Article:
Shoddy structures led to workers’ deaths during West Australian cyclone
2 April 2007
Official investigations are still continuing into the deaths of three people, including two mining workers, and injuries of 28 others, in a category 4 cyclone (on a scale of 5) that hit the northwest coast of Western Australia on March 9.
The casualties and destruction left by the storm laid bare some of the poor working and living conditions that lie beneath the “resources boom” in the Pilbara region, which currently generates billions of dollars per year in export revenue.
Debra Till, 47, kitchen hand and mother of two, died at a railway mine camp owned by Fortescue Mining Group (FMG), after she sustained fatal injuries when the temporary structure where she was sheltering was battered in the storm, with winds reaching 275 kilometres per hour.
The second worker who perished was Craig Allan Raabe, 42, a father of two from Queensland. He had come to the region to earn money to assist his handicapped child back in Queensland. He received extensive head wounds and was flown to a Perth hospital but did not survive. The third person killed was Sydney Baker, 74, who suffered massive internal injuries at Indee Station near the FMG camp site.
The FMG workers are building a railway line for the company’s $3.7 billion iron ore project, which FMG is under pressure to complete before March 2008, when its first export shipments are scheduled. The railway construction site is some 1,200 kilometres north of Perth, the capital of Western Australia, and about 100 kilometres from Port Hedland, one of the major outlets for the region’s iron ore and natural gas shipments.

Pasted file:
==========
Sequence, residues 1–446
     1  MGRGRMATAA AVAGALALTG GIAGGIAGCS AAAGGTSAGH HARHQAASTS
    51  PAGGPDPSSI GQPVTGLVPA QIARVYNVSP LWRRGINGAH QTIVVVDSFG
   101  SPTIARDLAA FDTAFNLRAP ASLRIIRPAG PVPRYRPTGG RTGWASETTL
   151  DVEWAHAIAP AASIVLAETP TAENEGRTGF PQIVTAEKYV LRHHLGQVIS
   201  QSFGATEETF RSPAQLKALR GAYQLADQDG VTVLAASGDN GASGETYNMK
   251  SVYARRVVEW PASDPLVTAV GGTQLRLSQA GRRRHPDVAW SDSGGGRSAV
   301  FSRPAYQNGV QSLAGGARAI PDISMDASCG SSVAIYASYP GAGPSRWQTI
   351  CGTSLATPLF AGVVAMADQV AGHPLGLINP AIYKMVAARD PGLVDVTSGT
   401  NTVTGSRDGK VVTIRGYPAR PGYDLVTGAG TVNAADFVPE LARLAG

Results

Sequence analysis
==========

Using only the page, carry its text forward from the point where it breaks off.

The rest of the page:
A Bureau of Meteorology (BOM) spokesman described Cyclone George as “the most powerful system to hit Port Hedland in at least three decades”. But cyclones are predictable in the region, which experiences at least five per year, according to the weather bureau.
Despite “red alert” warnings issued by BOM, giving Fortescue 17 hours to take rescue measures, FMG refused to evacuate the 300 people on site. The company claimed there had been many storms before and that the buildings were safe. It defended its “safety procedure,” which consisted of telling workers to stay in their temporary accommodation huts, known as “dongas”.
Most of the workers were inexperienced with cyclones. They had come from the eastern states of Australia, lured to the region by the prospect of high earnings.
There had been ample time and facilities for FMG to move workers out. One worker said up to 80 vehicles, including trucks, could have transported people out of danger. After the cyclone hit, however, rescue workers could not get to the dying and injured for many hours. Crews had to be flown in when weather conditions improved. Medical teams came from Perth and Karratha.
It has since been revealed that the “dongas” were not cyclone-proof as first claimed by Fortescue’s executive director Andrew Forrest. After attempting to protect the company by declaring, “we only use the best contractors” to install the huts, he refused to verify if they had been designed to withstand a category 5 cyclone.